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'Together' celebrates music, art, technology


With flyers, event pages and download cards everywhere, the Together festival has now kicked in and blown minds after day one. It was no joke when Mayor Thomas M. Menino proclaimed Sunday, April 17, 2011 to be Together Boston Day in the city of Boston during the VIP event at the Foundation Room.

Just as it’s hyped, Together is compilation of events in the Greater Boston area plugging electronic music, art and technology in the same pool.

                                                                   

Menino pronounces Together Boston Day


“We’re about to embark on an incredible journey,” said David Day, co-founder and creative director, as well as the editor-in-chief of DigBoston.

Uniting the scene for at least a week, “it’s kind of overwhelming to see the community get together as it has,” he said. “[We’re able to] meet each other face to face with the knowledge that we’re all doing something extraordinary.”

According to Managing Director Alex Maniatis, the impressive selection of artists and shows is a sole base of what everyone wants to see. “The list has gone from the biggest of the game to the smallest of the game,” he said. “This festival is all about you, the community. It’s your festival.”

“It’s just been an incredible experience,” said Koren Bernardi, director of production, at the press conference last Friday. And it’s only day three of the festival’s second year.

                                                  

Nick Minieri spins the Together VIP event


The “Get Together” planned for this Saturday won’t deny when it comes to things to see, hear and do. Breaking away from the initial idea of a record fair, the gathering sparks and expresses creativity.

“The Get Together is a unique, fusion event,” said Ariana Paoletti, manager of the event. “I kind of brought together elements that are related to electronic music.”

Adding a line of fashion and art aspects “opens up electronic music culture to other people,” she said.

The festival’s tag line has upgraded from “the New England electronic music festival” to “Music l Art l Technology.” Maniatis said there will be all sorts of art installations at every venue, spreading over 80 events throughout the week. Who would have expected traveling photo booths?

“We’re looking to expand,” he said; this year’s panels include everybody from media to city counselors to professors.

Yesterday, day one of Together’s discussions and technology demonstrations at Northeastern, began with a panel concerning the community, relationships and scene established by electronic music.

                                              

Tuesday’s Community Council panel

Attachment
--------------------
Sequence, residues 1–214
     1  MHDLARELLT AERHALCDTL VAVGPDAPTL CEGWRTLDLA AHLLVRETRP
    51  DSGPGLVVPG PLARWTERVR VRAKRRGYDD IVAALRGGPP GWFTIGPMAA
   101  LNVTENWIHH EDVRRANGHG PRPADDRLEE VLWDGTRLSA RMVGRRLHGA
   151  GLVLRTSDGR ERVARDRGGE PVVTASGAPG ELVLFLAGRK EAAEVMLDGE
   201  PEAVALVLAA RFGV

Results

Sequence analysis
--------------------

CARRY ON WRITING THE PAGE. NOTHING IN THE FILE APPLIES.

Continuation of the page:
Dubbing this “an exciting and involved time for all of us,” Joe Grafton, director of operations, moderated the discussion tossing around ideas including people, places, technology, and innovation.

“Electronic music was so well-represented here,” said Ben Garton (aka Schwilly B, Green), founder of the Circle party, reminiscing the scene 10 to 15 years ago. “I could not get enough of electronic music. I came up with this idea of Circle because a circle is kind of equal. All people have a place, all people can participate. With Circle, a lot of our lifestyles started to change. A lot of [our community] was growing and changing together.”

Garton also said he feels those who like electronic music are open minded, and their involvement is driven by passion for the music. “I think the concept of Together is awesome,” he said. “I think the Together festival is just so needed, like, wow, how come no one thought of this before? The unity is really key. [In the future], I’m excited to see it get bigger.”

“I do love the goals of this festival, bringing more genres together,” said DJ Shivar, Ceremony Boston. Piggybacking off the integral art and fashion and dress, she continued on to the many fractures and genres of electronic music. “Boston is great with mixing the genres together, I’m all for it.”

Bernardi, also on the panel, explained the way Together itself is a common ground, a reason and place for people to meet. “Every time you meet someone, you’ll have one person in common, then your circle grows bigger,” she said. “I get influenced from so many people and so many different things. Even just in the past year, my perspective has been expanding. The more people you know, the more people will know you, or know of you.”

                                            

Together’s LINKS soundclash


Considering the major local, national and international talent lined up for the rest of the week, in addition to all of the daytime events, Bostonians not coming together (pun intended?) will be in denial after scrolling through phasing party photos and thorough blog posts. Those late on the lowdown can scour the schedule.

“For those people don’t know what x, y or z is, this is the week to find out,” said Day. And with a combo of as many elements as possible, “at the end of the day, it’s all music- music, art and technology.”

This story was also printed in The Suffolk Journal